Cultural Crossroads, 1519–1798

John Law and the Mississippi Bubble: 1718-1720 Lesson Plan


History has provided evidence that economic prosperity and stability is essential to the social stability of any nation or civilization. John Law was able to rally support for his own economic adventure, with the promise that France would become an economic powerhouse at a time when the country’s economy need rejuvenation. Unfortunately, the world of business has many unpredictable factors that can influence the outcome of events that appear to be a “sure thing.” John Law's Mississippi Company was an economic dream that was brought to an end by unpredictable factors.

A Failed Enterprise: The French Colonial Period in Mississippi

Theme and Time Period

From 1699 to 1763, the future state of Mississippi was a part of the French colony of Louisiana. During these years, the French explored the region, established settlements and military outposts, engaged in political and economic relations with the area’s Native American people, and sought to establish a profitable economy. Though France was ultimately unable to achieve its goals in the region, the years of French control of the area have left a lasting impression on Mississippi and form a crucial part of its unique cultural heritage.

The Natchez Indians

Theme and Time Period

The Natchez Indians were among the last American Indian groups to inhabit the area now known as southwestern Mississippi.

Archaeological evidence indicates that the Natchez Indian culture began as early as A.D. 700 and lasted until the 1730s when the tribe was dispersed in a war with the French. Their language is now considered to have been a language isolate, not closely related to the other Indian languages of the region.

The Natchez Indians were successful farmers, growing corn, beans, and squash. They also hunted, fished, and gathered wild plant foods. (Figure 1)

Flags Over Mississippi

Theme and Time Period

Emblems, banners, standards, and flags are an ancient tradition that date from the early Roman Empire.

Flags are powerful symbols that signify dominion and sovereignty and express personal and political allegiance to a state or nation. Mississippi did not officially adopt a state flag until 1861, when it seceded from the United States and joined the Confederate States of America. Prior to that time, several flags had flown over the territory that would become the state of Mississippi on December 10, 1817.1

Religion in Mississippi

Theme and Time Period

In the 1600s, Colonial French settlers brought Christianity into the lands that are now the state of Mississippi. Throughout the period of French rule and the period of Spanish dominion that followed, Roman Catholicism was the principal religion.

Gideon Lincecum (1793-1874): Mississippi Pioneer and Man of Many Talents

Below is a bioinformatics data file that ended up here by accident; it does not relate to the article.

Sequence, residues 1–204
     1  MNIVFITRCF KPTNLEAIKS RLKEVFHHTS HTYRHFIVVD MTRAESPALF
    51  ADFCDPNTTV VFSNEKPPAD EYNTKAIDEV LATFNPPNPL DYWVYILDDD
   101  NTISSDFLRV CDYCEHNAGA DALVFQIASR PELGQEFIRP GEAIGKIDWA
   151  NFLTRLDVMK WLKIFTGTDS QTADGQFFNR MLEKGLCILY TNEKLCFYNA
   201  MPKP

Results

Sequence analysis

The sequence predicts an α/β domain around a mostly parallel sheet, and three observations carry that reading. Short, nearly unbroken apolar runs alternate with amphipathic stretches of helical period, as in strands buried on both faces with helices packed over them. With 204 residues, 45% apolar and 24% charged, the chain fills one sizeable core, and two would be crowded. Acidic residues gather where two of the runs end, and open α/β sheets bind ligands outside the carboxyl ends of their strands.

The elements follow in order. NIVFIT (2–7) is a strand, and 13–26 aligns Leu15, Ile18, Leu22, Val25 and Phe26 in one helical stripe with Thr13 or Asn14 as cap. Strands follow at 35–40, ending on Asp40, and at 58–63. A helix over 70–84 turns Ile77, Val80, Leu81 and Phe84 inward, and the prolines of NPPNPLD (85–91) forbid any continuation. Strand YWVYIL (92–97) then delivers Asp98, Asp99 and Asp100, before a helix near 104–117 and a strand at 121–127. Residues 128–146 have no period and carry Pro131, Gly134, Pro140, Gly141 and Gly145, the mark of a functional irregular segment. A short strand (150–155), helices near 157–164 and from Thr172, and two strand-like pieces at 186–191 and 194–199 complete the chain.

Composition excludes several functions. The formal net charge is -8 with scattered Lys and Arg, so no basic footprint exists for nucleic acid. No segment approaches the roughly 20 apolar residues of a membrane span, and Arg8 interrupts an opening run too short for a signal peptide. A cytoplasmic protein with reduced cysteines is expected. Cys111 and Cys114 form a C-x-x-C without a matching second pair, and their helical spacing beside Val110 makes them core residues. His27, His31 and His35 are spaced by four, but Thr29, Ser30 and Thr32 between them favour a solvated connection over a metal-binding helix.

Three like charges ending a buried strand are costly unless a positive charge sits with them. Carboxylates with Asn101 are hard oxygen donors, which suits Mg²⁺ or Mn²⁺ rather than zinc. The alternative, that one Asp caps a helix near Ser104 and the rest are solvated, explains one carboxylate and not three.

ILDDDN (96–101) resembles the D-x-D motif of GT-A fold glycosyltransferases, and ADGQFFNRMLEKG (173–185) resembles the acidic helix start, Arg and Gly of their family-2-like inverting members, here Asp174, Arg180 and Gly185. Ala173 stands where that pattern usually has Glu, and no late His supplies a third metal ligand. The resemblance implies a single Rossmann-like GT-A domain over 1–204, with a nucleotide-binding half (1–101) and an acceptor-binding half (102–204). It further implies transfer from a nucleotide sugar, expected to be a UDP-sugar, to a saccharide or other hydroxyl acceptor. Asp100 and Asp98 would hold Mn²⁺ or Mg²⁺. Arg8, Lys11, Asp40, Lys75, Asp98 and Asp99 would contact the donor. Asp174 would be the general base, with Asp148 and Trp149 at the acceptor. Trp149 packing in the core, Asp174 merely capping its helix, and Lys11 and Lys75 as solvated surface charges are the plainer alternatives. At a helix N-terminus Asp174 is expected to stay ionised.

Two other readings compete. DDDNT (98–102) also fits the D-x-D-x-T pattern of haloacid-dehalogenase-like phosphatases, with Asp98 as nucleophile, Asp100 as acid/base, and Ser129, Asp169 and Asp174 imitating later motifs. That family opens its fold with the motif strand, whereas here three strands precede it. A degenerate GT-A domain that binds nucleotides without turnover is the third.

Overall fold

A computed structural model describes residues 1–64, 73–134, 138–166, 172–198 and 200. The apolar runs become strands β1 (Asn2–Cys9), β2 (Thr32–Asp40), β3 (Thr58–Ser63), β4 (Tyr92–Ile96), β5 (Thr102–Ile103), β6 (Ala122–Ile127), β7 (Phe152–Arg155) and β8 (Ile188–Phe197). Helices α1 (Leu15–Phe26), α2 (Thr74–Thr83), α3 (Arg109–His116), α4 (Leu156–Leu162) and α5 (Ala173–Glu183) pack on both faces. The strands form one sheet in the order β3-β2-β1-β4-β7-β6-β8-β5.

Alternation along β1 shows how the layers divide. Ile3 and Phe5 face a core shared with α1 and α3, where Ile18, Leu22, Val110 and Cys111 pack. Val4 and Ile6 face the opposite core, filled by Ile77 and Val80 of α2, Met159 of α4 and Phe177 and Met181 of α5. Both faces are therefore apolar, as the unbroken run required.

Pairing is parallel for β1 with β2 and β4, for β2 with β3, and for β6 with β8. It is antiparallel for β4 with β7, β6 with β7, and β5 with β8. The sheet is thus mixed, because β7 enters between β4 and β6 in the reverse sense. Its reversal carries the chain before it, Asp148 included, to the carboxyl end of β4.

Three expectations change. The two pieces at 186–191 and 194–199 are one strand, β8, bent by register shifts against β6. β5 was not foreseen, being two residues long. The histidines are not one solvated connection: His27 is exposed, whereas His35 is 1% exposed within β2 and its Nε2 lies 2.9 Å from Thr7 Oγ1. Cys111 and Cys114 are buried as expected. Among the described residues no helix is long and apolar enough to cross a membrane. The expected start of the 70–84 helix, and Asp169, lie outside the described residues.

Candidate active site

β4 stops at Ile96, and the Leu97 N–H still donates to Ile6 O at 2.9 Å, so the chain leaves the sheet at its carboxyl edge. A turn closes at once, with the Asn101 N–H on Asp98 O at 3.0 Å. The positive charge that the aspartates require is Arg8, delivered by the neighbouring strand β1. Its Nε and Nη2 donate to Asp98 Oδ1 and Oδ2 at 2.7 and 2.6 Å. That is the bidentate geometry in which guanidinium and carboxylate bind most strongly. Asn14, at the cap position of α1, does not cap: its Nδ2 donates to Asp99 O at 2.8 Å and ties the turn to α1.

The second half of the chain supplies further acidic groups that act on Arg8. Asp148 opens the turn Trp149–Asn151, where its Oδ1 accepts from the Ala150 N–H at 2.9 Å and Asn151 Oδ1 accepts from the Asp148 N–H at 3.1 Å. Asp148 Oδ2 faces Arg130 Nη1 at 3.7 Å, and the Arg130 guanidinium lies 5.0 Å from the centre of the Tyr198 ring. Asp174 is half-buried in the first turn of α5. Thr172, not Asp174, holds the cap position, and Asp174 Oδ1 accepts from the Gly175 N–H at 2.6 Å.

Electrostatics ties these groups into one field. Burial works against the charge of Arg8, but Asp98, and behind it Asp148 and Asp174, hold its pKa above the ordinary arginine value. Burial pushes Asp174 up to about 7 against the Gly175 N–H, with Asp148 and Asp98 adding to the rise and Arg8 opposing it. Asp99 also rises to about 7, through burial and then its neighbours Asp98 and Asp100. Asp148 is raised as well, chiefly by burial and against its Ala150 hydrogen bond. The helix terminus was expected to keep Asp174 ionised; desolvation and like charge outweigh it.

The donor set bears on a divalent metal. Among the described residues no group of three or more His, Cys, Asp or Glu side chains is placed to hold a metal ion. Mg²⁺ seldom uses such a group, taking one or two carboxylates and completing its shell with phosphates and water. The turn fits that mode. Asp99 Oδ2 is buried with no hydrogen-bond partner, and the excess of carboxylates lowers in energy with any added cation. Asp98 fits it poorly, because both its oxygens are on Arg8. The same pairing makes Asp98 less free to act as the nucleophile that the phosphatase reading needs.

Theme and Time Period

Gideon Lincecum moved to Mississippi in 1818. He brought his family, which included his wife Sarah Bryan, two small children, his parents, some siblings, and a few enslaved African-Americans. They settled initially along the Tombigbee River and helped establish the town of Columbus, Mississippi.

The Lincecums were part of the hundreds of other new settlers traveling west from the Carolinas, Georgia, and Alabama during the first two decades of the 19th century. The number of Americans moving west then was so great that historians refer to the movement as the Great Migration.

Archaeology and Prehistoric Mississippi

Theme and Time Period

Virtually all that is known about the North American indigenous peoples before European contact comes from the discipline of archaeology. Archaeology is that branch of anthropology that investigates people's past by studying their material remains. Lacking written records, archaeologists could not give most of the prehistoric groups specific names. Therefore, archaeologists created names such as Paleo-Indian, Middle Woodland, Mississippian, Marksville, and Plaquemine to identify distinctive pre-contact Native American groups by culture and time of existence.

John Law and the Mississippi Bubble: 1718-1720

Theme and Time Period

John Law Glossary

In the early 18th century the economy of France was depressed. The government was deeply in debt and taxes were high. In addition, the French controlled the colony of Louisiana, a vast settlement in the interior of North America. The Louisiana Colony included the Natchez district and the area along the Mississippi Gulf Coast in present-day Mississippi. France was the first European country to settle this area of North America (1699-1763). 

Resistance by Enslaved People in Natchez, Mississippi (1719-1861)

Theme and Time Period

From the time of their first arrival in Natchez, enslaved people resisted bondage. Slavery existed in Natchez beginning in 1719 and continued through French, British, Spanish, and finally American rule. Then, in 1863 in the midst of the Civil War, U. S. President Abraham Lincoln signed the Emancipation Proclamation, and in 1865 the Thirteenth Amendment abolished slavery.